Now it might seem that Israel served its purpose in giving rise to the primitive Church, which in turn eventually gave rise to the restored Church. One can almost imagine, as indeed some Christians have, that the Jewish remnant and the state of Israel are an anomaly—a vestigial branch, of little significance to the remainder of God’s plan.

To the extent that church members broadly share their pre-modern ancestors with the population at large, this implies that many others are descended from Israel.

But this is not true. The Lord calls the world to respect the Jews: “And what thank they the Jews for the Bible which they receive from them? Yea, what do the Gentiles mean? Do they remember the travails, and the labors, and the pains of the Jews, and their diligence unto me, in bringing forth salvation unto the Gentiles? O ye Gentiles, have ye remembered the Jews, mine ancient covenant people? Nay; but ye have cursed them, and have hated them, and have not sought to recover them. But behold, I will return all these things upon your own heads; for I the Lord have not forgotten my people” (2 Nephi 29:4-5).

So clearly God has immense regard for even the parts of Israel He prunes, and for the relevant family lines. And thus He promises over and over to gather them. He promises to use other institutions to help: “And kings shall be thy nursing fathers” etc.  

But why the fixation on family?  Patriarchal blessings, which have been a key practice throughout Latter-day Saint history, have almost always declared literal descent, indicating that practically every member of the Church is descended from Israel. To the extent that church members broadly share their pre-modern ancestors with the population at large, this implies that many others are descended from Israel. This is actually supported by current biological understanding, as well as by scriptures like Amos 9:9 (“I will sift the house of Israel among all nations, like as corn is sifted in a sieve”), though far from the average person’s imagination. If many people are descended from Israel, why not couch the covenants in terms of the “whole human family”—why stick with Israel specifically, a family that by and large doesn’t even know it is a family?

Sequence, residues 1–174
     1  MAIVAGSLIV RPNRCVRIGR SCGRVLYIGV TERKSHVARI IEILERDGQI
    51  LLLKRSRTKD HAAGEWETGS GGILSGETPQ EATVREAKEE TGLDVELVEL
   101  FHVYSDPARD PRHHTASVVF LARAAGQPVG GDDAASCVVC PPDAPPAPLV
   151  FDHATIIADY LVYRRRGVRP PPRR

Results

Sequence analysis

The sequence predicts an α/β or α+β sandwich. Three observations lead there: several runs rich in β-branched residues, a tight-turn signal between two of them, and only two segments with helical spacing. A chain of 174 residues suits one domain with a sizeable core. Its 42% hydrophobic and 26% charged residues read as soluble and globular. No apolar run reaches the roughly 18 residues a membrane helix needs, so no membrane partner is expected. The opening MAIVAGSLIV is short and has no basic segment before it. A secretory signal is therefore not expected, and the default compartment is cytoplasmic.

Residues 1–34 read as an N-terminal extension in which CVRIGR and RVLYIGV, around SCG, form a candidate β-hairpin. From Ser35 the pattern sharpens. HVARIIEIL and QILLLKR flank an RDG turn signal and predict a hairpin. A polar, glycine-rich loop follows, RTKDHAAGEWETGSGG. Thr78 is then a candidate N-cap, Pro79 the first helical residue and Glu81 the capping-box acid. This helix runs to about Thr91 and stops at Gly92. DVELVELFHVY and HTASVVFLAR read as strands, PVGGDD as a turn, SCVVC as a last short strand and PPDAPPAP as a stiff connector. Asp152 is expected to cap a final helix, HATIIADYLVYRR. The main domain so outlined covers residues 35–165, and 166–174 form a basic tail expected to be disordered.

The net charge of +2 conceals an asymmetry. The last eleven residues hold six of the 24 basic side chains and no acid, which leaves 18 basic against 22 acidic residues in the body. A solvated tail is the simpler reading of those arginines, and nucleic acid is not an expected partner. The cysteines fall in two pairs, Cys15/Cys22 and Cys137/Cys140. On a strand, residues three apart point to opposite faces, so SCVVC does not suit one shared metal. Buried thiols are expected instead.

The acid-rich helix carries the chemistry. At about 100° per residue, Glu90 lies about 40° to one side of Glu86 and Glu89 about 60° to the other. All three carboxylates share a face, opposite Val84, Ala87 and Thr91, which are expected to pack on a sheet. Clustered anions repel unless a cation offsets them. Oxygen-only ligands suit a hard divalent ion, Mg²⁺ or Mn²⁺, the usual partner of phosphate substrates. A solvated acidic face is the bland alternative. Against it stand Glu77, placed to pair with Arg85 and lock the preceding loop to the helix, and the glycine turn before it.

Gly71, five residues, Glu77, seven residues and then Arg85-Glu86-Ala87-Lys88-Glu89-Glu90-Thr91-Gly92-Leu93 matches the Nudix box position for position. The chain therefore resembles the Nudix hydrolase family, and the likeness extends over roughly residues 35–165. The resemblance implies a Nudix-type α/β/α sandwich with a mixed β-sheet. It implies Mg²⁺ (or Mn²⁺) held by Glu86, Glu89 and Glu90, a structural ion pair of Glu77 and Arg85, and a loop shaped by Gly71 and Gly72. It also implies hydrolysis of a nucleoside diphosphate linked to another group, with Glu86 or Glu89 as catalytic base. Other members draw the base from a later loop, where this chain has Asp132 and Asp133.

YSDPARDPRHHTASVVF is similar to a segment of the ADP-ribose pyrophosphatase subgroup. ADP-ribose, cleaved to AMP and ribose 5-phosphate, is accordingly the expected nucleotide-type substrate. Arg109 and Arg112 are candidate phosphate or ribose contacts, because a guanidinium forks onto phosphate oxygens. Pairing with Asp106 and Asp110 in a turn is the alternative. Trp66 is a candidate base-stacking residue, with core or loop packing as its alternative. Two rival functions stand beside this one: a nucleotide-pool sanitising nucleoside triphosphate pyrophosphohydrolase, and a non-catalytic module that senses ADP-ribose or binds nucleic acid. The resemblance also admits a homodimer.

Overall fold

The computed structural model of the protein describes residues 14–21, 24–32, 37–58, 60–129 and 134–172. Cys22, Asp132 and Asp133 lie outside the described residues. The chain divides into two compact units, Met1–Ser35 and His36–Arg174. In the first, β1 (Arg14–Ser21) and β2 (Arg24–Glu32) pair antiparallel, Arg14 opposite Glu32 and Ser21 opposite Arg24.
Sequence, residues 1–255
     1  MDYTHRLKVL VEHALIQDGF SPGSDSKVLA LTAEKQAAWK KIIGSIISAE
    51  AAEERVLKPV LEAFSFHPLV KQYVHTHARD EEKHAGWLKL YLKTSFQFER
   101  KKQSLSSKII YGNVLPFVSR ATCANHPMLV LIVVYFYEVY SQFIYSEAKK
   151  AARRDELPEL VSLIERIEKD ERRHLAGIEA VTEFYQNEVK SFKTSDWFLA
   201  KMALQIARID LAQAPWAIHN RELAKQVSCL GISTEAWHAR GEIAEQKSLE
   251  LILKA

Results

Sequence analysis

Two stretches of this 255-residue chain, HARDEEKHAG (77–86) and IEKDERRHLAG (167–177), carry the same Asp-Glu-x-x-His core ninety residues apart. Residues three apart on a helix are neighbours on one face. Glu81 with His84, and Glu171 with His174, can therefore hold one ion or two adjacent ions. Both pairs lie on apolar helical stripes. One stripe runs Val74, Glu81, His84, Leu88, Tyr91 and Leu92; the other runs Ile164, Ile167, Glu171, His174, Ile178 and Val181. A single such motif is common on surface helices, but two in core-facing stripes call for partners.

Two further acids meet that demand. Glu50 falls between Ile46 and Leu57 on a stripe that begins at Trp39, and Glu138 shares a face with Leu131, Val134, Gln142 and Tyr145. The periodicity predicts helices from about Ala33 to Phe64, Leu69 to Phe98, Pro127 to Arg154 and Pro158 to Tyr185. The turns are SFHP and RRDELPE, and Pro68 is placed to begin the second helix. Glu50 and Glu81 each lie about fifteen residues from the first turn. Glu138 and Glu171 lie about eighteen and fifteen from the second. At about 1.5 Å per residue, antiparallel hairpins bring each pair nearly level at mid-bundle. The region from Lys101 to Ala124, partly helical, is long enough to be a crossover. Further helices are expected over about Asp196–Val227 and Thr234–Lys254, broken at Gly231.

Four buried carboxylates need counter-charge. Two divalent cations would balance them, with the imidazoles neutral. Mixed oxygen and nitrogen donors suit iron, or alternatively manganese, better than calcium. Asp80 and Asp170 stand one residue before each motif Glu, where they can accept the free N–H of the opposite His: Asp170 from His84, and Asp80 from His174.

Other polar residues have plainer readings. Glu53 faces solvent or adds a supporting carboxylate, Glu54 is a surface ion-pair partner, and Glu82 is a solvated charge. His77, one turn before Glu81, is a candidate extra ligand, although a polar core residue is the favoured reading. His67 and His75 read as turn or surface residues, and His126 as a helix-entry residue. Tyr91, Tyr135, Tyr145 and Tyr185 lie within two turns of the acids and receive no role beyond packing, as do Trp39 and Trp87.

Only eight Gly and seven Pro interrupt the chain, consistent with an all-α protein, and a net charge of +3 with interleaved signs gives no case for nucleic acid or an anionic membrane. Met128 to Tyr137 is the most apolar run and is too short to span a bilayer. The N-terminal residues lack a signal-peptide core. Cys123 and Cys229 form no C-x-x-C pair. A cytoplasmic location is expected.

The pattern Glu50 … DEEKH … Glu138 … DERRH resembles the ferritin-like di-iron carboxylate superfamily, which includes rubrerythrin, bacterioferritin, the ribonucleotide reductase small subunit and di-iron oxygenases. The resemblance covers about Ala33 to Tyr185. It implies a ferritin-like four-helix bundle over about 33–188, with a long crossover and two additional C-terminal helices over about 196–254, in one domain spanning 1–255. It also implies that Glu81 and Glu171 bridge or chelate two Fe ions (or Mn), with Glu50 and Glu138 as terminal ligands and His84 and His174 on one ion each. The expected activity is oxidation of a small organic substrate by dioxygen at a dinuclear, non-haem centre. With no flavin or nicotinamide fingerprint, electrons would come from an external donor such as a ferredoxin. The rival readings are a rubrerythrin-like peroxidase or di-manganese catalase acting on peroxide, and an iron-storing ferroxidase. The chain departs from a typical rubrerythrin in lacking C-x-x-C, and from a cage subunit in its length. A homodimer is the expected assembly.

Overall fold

Perhaps part of this is because the patriarchs of old badly wanted it to be this way; they wanted their descendants (as their descendants) to bless and be blessed. They asked for it, God promised it, and thus He speaks of “that day when I shall proceed to do a marvelous work among them, that I may remember my covenants which I have made unto the children of men.” 

But it seems like God is not just humoring Abraham; surely Abraham’s desire was divinely inspired, and God genuinely cares a great deal about families, even when their descendants don’t know they belong to them. Patriarchal blessing declarations of lineage make sense in this context—they tie us back to the family covenants of Abraham and Israel. The Book of Mormon’s consuming focus on its own mission, to “show unto the remnant of the house of Israel what great things the Lord hath done for their fathers; and that they may know the covenants of the Lord, that they are not cast off forever,” also points to the importance of family lines and the family-oriented covenant.